Stephanie Lenox


Stephanie Lenox is the author of the poetry collection Congress of Strange People (Airlie Press) and the poetry chapbook The Heart That Lies Outside the Body (Slapering Hol Press). Poems from a manuscript inspired by office work are forthcoming or have recently appeared in Poet Lore and Juked.


The Take This Job and Shove It Ode

Soon the children will come home having learned
new obscenities to hurl at each other
across the cul-de-sac, meaning “end of the road,
bottom of the sack that is your body.”
Division and subdivision, each weekend
there is a new fence hewn from raw wood
that draws more hornets, too many wind-chimes
at the mercy of weather. Your son has a puzzle
in a frame with one piece missing
that he pushes around and around
trying to make a picture. Your dog lacks control
and greets you so ferociously you fear
one day he will turn on you and eat your face.
What other life did you think was possible?
Sit down, you’re having spaghetti again, and yes,
you must finish it. There are days when you are the best human
humanly possible. And then there are all the others.
Failure, you will say in your next interview,
is an opportunity. Like the open window a bird flew in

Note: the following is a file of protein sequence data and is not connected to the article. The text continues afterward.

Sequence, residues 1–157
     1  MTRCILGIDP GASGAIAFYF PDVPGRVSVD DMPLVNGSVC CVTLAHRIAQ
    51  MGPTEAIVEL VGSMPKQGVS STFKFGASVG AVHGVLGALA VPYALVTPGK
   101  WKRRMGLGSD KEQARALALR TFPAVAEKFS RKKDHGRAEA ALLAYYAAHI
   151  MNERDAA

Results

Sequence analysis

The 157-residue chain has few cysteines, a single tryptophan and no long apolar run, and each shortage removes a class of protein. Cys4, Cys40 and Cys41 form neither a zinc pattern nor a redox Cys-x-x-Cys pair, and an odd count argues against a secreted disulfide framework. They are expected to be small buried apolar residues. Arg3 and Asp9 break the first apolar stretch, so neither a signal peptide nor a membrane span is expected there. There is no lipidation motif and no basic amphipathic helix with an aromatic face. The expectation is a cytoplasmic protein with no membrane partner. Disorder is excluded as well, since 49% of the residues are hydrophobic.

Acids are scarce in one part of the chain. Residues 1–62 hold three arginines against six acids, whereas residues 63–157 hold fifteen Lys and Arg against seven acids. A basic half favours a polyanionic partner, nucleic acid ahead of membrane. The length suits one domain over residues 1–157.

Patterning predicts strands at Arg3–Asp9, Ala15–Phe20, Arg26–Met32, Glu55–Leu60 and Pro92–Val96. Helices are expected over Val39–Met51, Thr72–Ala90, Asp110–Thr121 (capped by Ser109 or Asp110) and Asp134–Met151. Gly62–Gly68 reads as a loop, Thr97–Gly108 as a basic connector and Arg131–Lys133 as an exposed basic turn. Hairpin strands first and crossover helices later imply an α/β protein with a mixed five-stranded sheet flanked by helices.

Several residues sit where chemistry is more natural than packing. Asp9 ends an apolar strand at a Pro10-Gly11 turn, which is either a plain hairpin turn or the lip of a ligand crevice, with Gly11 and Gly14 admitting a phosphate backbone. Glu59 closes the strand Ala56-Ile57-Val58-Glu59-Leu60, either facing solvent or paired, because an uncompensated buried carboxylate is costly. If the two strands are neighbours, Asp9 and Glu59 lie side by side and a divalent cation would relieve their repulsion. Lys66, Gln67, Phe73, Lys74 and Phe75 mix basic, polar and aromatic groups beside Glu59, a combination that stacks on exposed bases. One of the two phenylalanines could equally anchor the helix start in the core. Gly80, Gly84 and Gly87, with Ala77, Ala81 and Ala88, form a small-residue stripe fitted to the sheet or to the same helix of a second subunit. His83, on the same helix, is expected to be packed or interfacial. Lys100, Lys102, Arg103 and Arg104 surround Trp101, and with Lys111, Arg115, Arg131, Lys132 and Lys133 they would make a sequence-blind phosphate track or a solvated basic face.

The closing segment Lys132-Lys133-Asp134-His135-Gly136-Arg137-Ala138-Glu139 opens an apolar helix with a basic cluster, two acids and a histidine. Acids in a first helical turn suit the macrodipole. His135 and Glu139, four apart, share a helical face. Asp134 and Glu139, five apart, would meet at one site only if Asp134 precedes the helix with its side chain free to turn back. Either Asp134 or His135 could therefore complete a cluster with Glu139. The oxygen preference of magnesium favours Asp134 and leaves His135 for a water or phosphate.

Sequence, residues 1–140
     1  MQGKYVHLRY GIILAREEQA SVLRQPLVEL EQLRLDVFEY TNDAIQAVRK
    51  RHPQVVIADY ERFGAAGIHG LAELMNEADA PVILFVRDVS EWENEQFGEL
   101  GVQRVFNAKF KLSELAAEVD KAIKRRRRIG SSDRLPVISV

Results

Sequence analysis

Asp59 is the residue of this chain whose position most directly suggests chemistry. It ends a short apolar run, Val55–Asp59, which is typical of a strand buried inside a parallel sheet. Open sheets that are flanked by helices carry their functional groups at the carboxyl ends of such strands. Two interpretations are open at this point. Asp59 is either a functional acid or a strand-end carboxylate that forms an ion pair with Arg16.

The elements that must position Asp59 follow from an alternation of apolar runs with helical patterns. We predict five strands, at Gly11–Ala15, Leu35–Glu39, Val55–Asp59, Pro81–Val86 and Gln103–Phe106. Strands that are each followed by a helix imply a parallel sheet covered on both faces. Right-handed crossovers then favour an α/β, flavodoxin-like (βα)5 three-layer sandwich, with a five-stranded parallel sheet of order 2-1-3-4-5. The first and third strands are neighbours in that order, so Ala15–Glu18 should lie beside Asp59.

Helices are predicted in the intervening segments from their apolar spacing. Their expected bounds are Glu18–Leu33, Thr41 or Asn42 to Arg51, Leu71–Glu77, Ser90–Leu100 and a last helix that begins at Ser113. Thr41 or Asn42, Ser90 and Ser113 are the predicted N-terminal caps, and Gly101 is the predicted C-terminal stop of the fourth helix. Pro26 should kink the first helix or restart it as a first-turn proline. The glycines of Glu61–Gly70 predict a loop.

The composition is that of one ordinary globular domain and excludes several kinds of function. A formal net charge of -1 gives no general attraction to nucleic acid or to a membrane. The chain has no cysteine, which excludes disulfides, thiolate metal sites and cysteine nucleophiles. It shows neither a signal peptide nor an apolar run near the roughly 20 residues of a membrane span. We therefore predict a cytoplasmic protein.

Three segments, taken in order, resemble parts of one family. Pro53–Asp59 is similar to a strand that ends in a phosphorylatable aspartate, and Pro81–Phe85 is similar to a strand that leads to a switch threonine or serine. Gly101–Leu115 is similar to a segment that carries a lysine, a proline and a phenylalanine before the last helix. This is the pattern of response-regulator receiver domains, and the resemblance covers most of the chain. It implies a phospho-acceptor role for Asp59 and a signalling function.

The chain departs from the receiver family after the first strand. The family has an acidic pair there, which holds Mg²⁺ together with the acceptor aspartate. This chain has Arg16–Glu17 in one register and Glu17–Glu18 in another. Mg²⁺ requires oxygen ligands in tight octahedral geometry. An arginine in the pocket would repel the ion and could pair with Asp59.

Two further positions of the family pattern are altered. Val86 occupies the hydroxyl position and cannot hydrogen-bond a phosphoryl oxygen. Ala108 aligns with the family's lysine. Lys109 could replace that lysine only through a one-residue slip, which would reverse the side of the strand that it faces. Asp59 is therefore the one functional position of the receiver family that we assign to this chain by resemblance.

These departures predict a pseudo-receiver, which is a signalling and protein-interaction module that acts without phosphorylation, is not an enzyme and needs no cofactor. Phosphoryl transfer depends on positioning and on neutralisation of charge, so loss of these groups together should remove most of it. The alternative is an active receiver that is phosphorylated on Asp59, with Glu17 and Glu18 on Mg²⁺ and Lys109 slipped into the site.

was an opportunity for the lazy housecat.
You want to scream, Because of you I’m ruined!
You have not slept well this past decade.
At the office, there is a cake that says Farewell.
It is loaded with frosted roses
and it would be a shame not to partake.
A co-worker confides: It’s only the first and last
weeks that they even take note of you.
They, meaning management, handing you a balloon
and an engraved pen, smiling.
You are closer to the last week of your life
than the first, so squalling naked in a crowded room
would be hardly appropriate now.
Your boss once said, Don’t you ever think?
And you thought, I will have my revenge,
not like the others. I will take retirement
from these sons and daughters of bitches and never
look back. There is no sense explaining
to a beetle what it means to be you,
to get your kind of mail, to feel the electricity
up-surging through joints every time you rise from bed.
The sun goes down and everyone heads into
separate living rooms to watch different shows.
With such flickering, you might think
we have something in common. Oh, but we do.
The boss is the same everywhere and for everyone,
an asshole in a black suit holding a flaming cake,
coming closer and closer, and beyond that, the door.

I owe a debt of gratitude to my former co-worker Carla, who inspired this poem and others like it when she snuck into my cubicle, lowered her voice, and said conspiratorially, 'You’re a writer, right? Write about this.'